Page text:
In 2014, at the age of 85, Yayoi Kusama (b.1929) was named the world’s most popular artist. According to museum attendance data, her striking work attracted over 2 million visitors in 12 months. It is unsurprising, then, that most of her exhibitions in recent years have been large-scale and globally resonant affairs. From March, however, a more intimate retrospective is on show at Omer Tiroche Gallery, London.
Focusing solely on the artist’s small-scale pumpkin paintings, largely produced in the 1990s, it explores themes of obsession, fear, growth and disconnect. Cut at the stalk and severed from the earth, the Japanese Kabocha squash nonetheless continues to grow. Here Kusama renders their “charming and winsome form” in her iconic polka-dot patterns, with a background of infinity nets. Elsewhere, they have appeared as glowing, psychedelic sculptures and even as a mirror room installation (at the Dallas Museum of Art). Enraptured by their “generous unpretentiousness” and “solid and spiritual base”, she uses them as a motif, employing repetition as a psychologically calming device.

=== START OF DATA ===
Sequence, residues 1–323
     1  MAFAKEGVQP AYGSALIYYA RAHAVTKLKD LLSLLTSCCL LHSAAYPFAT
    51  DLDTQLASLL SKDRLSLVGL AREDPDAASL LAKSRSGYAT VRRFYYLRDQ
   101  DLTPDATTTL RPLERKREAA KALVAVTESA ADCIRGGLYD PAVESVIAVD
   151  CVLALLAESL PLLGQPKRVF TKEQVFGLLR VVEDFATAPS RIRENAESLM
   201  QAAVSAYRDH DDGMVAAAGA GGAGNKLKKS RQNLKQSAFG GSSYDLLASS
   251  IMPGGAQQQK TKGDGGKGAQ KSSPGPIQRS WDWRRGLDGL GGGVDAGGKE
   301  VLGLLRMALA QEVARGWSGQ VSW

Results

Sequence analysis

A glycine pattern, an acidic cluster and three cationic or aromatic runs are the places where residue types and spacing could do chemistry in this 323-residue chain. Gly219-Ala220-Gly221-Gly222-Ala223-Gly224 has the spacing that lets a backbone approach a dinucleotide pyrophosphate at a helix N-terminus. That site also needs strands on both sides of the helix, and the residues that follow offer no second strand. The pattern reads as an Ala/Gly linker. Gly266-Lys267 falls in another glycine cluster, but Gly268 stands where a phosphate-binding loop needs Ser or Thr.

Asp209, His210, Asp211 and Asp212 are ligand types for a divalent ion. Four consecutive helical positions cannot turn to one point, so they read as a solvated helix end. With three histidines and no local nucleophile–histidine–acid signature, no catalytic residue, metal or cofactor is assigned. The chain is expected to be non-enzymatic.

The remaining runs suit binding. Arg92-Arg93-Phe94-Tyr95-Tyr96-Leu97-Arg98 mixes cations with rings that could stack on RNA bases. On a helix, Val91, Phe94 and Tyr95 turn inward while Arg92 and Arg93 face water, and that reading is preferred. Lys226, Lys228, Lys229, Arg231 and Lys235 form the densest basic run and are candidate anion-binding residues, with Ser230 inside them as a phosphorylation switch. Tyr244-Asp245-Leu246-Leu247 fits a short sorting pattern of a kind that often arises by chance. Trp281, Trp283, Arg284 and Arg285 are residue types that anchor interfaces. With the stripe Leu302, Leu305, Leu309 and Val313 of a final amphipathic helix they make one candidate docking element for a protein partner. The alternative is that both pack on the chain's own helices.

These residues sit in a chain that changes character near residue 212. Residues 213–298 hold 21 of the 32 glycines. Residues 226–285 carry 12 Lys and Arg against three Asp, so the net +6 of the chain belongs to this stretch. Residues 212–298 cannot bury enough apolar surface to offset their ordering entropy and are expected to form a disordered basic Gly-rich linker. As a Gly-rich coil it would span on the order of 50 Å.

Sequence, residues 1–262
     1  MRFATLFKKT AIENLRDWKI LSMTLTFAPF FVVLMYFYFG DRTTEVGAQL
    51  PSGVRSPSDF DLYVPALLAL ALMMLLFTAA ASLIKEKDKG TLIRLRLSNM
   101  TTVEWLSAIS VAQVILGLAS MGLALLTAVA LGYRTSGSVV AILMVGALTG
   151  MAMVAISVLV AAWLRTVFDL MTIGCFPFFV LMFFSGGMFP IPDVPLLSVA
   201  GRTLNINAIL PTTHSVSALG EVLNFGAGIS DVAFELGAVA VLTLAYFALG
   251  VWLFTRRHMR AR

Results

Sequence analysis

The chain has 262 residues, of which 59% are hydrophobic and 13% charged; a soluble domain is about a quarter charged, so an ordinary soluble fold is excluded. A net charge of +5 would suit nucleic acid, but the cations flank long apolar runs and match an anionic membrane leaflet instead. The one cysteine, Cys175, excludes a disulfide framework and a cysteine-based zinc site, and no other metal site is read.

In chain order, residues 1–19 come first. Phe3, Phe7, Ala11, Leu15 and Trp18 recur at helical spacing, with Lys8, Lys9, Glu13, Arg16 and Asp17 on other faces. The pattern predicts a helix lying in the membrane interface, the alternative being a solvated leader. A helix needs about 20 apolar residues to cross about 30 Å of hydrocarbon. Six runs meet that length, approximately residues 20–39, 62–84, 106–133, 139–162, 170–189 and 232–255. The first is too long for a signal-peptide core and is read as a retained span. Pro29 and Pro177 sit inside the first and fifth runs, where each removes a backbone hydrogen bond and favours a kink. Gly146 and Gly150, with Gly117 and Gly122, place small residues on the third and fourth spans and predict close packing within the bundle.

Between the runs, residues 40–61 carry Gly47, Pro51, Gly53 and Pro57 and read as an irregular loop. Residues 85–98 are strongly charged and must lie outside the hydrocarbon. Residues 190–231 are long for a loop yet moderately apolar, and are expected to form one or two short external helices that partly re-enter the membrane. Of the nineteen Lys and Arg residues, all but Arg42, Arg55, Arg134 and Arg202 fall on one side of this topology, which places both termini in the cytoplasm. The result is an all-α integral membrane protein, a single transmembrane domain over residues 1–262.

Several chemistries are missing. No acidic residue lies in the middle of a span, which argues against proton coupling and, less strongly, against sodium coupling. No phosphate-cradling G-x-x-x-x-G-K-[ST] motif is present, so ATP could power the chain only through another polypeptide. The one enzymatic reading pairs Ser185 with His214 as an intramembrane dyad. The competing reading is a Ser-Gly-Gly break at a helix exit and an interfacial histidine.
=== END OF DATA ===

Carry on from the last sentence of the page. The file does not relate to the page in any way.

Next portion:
They are also autobiographical and a form of self-portraiture. The subject matter reflects her childhood, in which pumpkin dishes were one of the only forms of sustenance available. But their visual articulation, too, in terms of the style and structure of the composition, serves as a microcosm of her output, reflecting major concerns of her long career. This is the first time that these important pieces have all been shown in the same setting in the United Kingdom, and marks an ongoing recognition of the significance of Kusama’s thoughtful and provocative work. Appealing even at a first, quick glance, the more closely these paintings are examined, the more compelling they become.
1. Yayoi Kusama: All the Eternal Love I Have for the Pumpkins. Courtesy of DMA.